Published Thursday, 22 August 2013
Surely this is what we need - genuine excitement? Kids camping out all night, dancing in the aisles and screaming at the screen. For me, girl power in the cinema is a good thing, as there are too many big boys with techno toys making a lot of dull noise.
There are of course, many cynics of all ages deriding this 3D pop-umentary without having seen it, with no intention of ever seeing it and with no respect to the people who do want to see it. I don't have a problem with manufactured pop music. In fact, one of my favourite pop groups were not a real band at all, but actors in a kids TV show - The Monkees.
So for me, what is important is to let the next generation have their fun.
Following on from such corny pop classics as Spice World, Abba:The Movie and In Bed With Madonna, 1D the movie is billed as an intimate all-access look at life on the road for the global music phenomenon. Love them or loathe them, you can't deny these precocious teens, as they have topped the charts in over forty countries. The fab five, Harry, Zayn, Liam, Louis and Mullingar's most famous son Niall are fast on their way to becoming the world's first billion dollar band. So for Svengali producer Simon Cowell, now, feels like the right time to present them on the big screen in 3D.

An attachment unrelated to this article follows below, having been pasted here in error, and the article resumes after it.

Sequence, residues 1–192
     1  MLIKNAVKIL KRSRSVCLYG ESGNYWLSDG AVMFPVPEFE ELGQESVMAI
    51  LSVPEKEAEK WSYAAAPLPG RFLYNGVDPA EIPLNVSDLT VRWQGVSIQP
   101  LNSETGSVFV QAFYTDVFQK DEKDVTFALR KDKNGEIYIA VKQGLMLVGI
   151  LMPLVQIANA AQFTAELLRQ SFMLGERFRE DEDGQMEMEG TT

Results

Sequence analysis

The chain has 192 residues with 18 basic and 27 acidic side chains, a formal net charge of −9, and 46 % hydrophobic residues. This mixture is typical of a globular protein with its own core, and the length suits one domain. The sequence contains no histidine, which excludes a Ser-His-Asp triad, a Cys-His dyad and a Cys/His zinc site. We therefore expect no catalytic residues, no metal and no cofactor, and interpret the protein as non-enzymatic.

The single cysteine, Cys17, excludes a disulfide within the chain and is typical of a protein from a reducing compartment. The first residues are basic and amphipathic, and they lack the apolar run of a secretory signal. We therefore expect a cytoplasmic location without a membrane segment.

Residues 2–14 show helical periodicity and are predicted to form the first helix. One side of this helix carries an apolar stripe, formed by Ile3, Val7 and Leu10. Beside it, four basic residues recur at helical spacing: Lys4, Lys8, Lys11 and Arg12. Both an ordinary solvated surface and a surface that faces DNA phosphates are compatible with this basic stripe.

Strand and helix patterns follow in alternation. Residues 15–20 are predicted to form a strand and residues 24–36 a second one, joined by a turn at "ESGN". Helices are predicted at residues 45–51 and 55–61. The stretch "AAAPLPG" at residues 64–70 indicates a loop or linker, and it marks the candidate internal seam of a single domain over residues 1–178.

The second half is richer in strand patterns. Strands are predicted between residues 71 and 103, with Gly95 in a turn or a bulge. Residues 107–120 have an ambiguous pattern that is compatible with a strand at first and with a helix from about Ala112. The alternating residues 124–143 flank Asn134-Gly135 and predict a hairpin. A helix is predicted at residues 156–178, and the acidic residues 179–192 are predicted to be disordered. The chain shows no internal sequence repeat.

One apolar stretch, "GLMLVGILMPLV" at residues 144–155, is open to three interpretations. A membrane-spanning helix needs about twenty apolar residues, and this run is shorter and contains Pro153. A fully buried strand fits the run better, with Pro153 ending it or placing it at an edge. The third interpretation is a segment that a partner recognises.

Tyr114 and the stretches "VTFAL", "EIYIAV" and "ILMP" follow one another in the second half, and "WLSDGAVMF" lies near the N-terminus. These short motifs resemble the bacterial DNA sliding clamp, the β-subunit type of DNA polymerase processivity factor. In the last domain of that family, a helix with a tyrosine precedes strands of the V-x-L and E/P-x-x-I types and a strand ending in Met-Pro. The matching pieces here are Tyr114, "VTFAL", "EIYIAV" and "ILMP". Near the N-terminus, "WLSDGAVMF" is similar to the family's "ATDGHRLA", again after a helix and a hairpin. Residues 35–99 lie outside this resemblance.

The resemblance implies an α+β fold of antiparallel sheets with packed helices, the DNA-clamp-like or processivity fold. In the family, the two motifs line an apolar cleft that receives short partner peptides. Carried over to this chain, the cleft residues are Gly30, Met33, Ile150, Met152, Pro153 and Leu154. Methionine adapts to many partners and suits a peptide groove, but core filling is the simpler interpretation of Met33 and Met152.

This is a long way from The X Factor in 2010, where remarkably, the global superstars finished only third behind single mother Rebecca Ferguson and painter and decorator Matt Cardle. Where were the hordes of 1D fans then?
But what is really intriguing is the choice of director, the strangely brilliant selection of Supersize Me supremo Morgan Spurlock, the former scourge of McDonalds and darling of the Indie film scene. Spurlock brings an authenticity and edge to the super-sized One Direction machine. As a sharp eyed filmmaker, he was seduced by the boys' meteoric rise to fame, from their humble hometown beginnings to a TV talent show and to conquering the world.
Obviously scenes like One Direction being mobbed by three thousand screaming fans touching down in Japan have drawn the predictable comparisons to Beatlemania. But likening this likeable boy band with The Beatles and their film with A Hard Day's Night is as pointless as comparing every new actor with Marlon Brando and every new film with Citizen Kane.
I expect the 1D film neither to be a warts-and-all exposé or a corporate whitewash. What it will be is an international doc-buster and a celebration of youth both on and off screen. And what's wrong with that?
One Direction: This Is Us 3D (PG) opens on the 29th August.
© UTV News